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Tifyn delivers more than dinner

Hoan Huynh’s local startup connects international home cooks with hungry diners

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You might think being a small startup trying to nudge in on the likes of UberEATS and GrubHub would be daunting, but Hoan Huynh shows no fear. The 25-year-old co-founder and CEO of Tifyn, an Atlanta-based food app, Huynh operates with a decidedly more human element than the entrenched competition. He doesn’t think of six-month-old Tifyn so much as a meal delivery platform, but rather as an “economic empowerment platform for home cooks,” enabling a fleet of chefs to build their own micro-startups cooking for others. Not content to stop at dinner, Tifyn also aims to deliver opportunity and build community at the same time.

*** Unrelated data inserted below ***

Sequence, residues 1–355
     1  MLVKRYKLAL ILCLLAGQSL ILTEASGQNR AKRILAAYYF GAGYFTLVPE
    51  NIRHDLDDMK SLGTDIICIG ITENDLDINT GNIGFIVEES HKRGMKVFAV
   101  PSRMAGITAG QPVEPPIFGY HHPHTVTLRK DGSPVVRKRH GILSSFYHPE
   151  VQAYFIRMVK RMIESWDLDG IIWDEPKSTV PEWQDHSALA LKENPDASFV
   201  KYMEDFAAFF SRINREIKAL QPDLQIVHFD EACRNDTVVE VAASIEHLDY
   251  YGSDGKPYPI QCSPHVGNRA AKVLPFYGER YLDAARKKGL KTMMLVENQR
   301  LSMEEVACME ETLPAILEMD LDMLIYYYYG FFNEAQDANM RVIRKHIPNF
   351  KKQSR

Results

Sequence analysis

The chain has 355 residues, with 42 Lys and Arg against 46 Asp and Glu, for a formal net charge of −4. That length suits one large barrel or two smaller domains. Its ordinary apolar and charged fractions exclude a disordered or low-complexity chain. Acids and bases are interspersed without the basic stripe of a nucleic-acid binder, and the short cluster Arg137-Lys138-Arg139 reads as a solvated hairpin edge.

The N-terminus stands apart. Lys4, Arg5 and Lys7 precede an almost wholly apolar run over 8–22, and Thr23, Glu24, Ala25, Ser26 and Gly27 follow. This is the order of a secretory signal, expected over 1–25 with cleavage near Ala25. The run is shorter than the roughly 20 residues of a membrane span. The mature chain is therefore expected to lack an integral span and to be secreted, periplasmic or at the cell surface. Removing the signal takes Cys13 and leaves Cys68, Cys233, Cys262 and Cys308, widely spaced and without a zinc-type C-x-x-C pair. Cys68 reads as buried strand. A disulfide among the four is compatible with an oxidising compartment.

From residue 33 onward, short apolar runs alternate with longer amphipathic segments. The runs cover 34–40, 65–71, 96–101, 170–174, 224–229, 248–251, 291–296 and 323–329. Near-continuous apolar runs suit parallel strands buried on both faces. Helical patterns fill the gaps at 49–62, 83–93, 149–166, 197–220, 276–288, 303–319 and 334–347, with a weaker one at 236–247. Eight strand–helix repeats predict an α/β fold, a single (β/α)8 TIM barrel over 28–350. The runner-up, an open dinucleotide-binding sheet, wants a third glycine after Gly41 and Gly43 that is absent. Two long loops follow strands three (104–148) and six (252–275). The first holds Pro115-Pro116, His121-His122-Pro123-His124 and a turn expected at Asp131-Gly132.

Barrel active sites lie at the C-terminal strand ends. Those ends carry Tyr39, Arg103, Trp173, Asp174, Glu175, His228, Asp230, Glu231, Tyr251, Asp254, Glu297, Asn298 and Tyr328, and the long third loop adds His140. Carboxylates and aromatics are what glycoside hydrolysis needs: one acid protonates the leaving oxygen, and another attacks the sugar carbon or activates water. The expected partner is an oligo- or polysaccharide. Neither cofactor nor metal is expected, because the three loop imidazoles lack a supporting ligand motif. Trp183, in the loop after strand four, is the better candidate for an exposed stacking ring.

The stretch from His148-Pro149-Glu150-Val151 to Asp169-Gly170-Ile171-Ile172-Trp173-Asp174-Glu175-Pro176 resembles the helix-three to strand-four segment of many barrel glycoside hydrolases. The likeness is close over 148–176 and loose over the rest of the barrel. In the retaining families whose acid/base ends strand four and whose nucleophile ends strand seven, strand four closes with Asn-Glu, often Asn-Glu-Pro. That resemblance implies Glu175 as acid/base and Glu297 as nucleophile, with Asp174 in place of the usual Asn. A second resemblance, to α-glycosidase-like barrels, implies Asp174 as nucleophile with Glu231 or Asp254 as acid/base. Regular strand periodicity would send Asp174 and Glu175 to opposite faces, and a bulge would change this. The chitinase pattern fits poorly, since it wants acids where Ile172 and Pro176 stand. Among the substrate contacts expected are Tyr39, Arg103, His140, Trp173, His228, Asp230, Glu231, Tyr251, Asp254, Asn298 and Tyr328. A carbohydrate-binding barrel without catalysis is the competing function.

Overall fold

Named as a play on tiffin, a word used in India to refer to all manner of packed lunches, Tifyn doesn’t rely on restaurants to cook its meals. Yet the app undoubtedly fits within the vast and booming food delivery space. According to venture capital database CB Insights, almost $1 billion was invested in North American “food tech” startups in each of the past two years, with major chunks of that sum going to an array of high profile names like GrubHub and DoorDash, plus more cooking-oriented delivery models like Blue Apron and Plated. CB Insights notes, though, that “competitive does not mean saturated” for this market, since online/mobile delivery is such a tiny fraction of the overall food market. They suggest the “transition to online/mobile in the coming years will create a wealth of opportunities for entrepreneurs.”